If I had to say which fiction writer has perfectly achieved Valéry’s aesthetic ideal of exactitude in imagination and in language, creating works that match the rigorous geometry of the crystal and the abstraction of deductive reasoning, I would without hesitation say Jorge Luis Borges. The reasons for my fondness for Borges do not end here, but 1 will mention only the main ones. I love his work because every one of his pieces contains a model of the universe or of an attribute of the universe (infinity, the innumerable, time eternal or present or cyclic); because they are texts contained in only a few pages, with an exemplary economy of expression; because his stories often take the outer form of some genre from popular literature, a form proved by long usage, which creates almost mythical structures. As an example let us take his most vertiginous “essay" on time, “El jardin de senderos que se bifurcan" (The Garden of Forking Paths), which is presented as a spy story and includes a totally logico-metaphysical story, which in turn contains the description of an endless Chinese novel—and all this concentrated into a dozen pages. The hypotheses on the subject of time enunciated by Borges in this story, each one contained (and virtually hidden) in a handful of lines, are as follows. First there is an idea of precise time, almost an absolute, subjective present: “reflexioné que todas las cosas le suceden a uno precisamente, precisamente ahora. Siglos de siglos y sólo en el presente ocurren los hechos; innumerables hombres en el aire, en la tierra y el mar, y todo lo que realmente pasa me pasa a mi" (I reflected that everything, to everyone, happens precisely, precisely now. Century after century, and only in the present, do things happen. There are innumerable men in the air, on land and on sea, and everything that really happens, happens to me). Then there is a notion of time as determined by the will, in which the future appears to be as irrevocable as the past; and finally the central idea of the whole story—a manifold and ramified time in which every present forks out into two futures, so as to form “una red creciente y vertiginosa de tiempos divergentes, convergentes y paralelos" (a growing and bewildering network of divergent, convergent, and parallel forms of time). This idea of infinite contemporary universes in which all possibilities are realized in all possible combinations is by no means a digression in the story, but rather the very reason why the protagonist feels authorized to carry out the absurd and abominable crime imposed on him by his spy mission, perfectly sure that this happens only in one of the universes but not in the others; and indeed that, if he commits this crime here and now, in other universes he and his victim will be able to hail each other as friends and brothers. The scheme of the network of possibilities may be condensed into the few pages of a story by Borges, or it may be made the supporting structure of immensely long novels, in which density and concentration are present in the individual parts. But I would say that today the rule of “Keep It Short" is confirmed even by long novels, the structure of which is accumulative, modular, and combinatory.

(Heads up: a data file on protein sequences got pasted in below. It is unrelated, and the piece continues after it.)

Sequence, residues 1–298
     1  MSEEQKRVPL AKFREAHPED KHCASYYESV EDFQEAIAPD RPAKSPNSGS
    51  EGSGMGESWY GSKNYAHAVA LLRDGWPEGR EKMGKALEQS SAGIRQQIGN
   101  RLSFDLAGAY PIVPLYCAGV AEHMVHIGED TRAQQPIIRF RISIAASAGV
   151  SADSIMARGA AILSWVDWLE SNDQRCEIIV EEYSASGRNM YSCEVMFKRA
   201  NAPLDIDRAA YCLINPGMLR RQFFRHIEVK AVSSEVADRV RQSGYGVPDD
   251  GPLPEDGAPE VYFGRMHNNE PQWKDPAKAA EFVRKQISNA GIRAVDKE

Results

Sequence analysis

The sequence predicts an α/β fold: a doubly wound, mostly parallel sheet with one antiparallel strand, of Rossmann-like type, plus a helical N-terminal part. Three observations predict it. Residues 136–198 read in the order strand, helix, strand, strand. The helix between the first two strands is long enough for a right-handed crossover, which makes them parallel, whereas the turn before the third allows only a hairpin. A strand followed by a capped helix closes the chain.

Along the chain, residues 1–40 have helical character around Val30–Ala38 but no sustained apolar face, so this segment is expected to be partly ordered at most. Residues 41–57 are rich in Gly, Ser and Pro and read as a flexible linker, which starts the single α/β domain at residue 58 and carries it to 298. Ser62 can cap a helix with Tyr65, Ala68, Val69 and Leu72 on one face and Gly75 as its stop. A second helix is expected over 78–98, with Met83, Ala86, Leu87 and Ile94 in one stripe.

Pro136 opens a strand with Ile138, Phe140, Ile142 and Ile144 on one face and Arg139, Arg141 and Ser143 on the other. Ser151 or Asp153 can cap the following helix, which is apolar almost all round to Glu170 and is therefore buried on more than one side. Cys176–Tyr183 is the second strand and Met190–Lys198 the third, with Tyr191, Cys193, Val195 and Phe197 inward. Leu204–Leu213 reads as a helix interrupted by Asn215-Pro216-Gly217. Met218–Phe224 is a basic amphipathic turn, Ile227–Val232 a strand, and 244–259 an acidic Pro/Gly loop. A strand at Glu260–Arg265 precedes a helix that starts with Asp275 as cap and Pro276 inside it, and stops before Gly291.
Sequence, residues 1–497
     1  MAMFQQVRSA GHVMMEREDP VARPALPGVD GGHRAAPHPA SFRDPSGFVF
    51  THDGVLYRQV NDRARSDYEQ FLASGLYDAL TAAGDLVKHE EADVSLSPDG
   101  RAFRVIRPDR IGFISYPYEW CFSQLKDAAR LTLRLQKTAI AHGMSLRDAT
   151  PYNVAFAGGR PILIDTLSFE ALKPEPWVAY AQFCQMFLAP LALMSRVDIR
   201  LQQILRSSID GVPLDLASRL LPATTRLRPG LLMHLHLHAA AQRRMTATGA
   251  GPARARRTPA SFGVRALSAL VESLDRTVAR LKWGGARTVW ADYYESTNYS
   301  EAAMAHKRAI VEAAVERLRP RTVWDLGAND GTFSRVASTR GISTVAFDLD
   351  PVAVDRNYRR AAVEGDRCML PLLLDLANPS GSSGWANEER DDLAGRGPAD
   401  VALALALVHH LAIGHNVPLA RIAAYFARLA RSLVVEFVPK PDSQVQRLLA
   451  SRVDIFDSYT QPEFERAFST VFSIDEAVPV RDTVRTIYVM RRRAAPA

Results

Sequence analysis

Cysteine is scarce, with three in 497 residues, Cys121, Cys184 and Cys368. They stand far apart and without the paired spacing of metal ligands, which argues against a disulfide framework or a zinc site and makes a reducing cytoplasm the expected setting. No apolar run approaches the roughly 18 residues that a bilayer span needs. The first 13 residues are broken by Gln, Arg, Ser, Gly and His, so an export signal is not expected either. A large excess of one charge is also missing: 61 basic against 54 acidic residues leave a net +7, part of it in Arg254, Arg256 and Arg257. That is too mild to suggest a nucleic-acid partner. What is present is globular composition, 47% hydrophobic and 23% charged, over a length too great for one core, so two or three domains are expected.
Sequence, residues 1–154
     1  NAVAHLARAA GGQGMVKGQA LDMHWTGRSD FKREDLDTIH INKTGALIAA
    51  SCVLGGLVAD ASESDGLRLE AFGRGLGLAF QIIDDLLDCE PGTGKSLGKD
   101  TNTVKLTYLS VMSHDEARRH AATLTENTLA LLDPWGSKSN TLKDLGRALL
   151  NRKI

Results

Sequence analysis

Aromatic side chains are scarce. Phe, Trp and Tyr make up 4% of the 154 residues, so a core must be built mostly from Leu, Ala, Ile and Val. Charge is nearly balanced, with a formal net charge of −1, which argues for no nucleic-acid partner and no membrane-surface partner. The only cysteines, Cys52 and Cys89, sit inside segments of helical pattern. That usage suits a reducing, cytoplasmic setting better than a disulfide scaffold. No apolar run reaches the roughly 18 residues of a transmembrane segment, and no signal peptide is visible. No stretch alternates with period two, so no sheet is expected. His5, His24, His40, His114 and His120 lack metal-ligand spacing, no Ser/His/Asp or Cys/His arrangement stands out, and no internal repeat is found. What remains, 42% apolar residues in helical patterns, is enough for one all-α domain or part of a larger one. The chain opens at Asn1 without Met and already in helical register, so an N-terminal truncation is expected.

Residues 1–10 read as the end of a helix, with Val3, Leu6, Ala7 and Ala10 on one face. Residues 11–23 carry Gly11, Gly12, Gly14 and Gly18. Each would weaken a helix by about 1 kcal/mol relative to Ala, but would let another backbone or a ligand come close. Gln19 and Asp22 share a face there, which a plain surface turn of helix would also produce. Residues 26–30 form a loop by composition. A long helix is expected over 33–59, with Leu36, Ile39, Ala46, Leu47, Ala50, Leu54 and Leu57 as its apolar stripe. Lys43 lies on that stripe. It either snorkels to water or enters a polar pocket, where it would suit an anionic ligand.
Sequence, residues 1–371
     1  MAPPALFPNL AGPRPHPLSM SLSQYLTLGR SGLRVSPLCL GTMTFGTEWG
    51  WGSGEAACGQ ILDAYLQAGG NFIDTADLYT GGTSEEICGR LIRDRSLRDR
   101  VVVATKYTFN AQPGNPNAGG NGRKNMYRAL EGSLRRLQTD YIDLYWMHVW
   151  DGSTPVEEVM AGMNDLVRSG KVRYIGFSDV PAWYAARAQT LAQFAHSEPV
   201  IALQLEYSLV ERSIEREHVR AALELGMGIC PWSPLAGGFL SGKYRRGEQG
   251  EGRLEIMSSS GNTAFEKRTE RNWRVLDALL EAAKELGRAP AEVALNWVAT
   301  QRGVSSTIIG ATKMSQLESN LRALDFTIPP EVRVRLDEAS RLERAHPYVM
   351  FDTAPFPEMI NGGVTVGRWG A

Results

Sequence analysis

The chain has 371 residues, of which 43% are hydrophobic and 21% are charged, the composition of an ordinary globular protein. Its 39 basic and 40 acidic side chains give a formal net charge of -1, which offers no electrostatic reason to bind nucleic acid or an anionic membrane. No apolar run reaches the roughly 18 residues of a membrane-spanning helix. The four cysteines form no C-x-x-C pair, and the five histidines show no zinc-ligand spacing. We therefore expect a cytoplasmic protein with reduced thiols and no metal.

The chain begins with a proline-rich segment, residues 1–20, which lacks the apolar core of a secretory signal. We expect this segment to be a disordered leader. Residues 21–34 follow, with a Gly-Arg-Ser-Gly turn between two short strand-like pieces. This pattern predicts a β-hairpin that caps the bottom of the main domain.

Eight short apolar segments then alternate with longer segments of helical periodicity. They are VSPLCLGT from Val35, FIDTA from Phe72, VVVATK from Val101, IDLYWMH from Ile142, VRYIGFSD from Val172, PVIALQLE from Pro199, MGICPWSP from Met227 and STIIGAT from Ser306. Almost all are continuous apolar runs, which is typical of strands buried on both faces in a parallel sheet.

Six Memos for the Next Millennium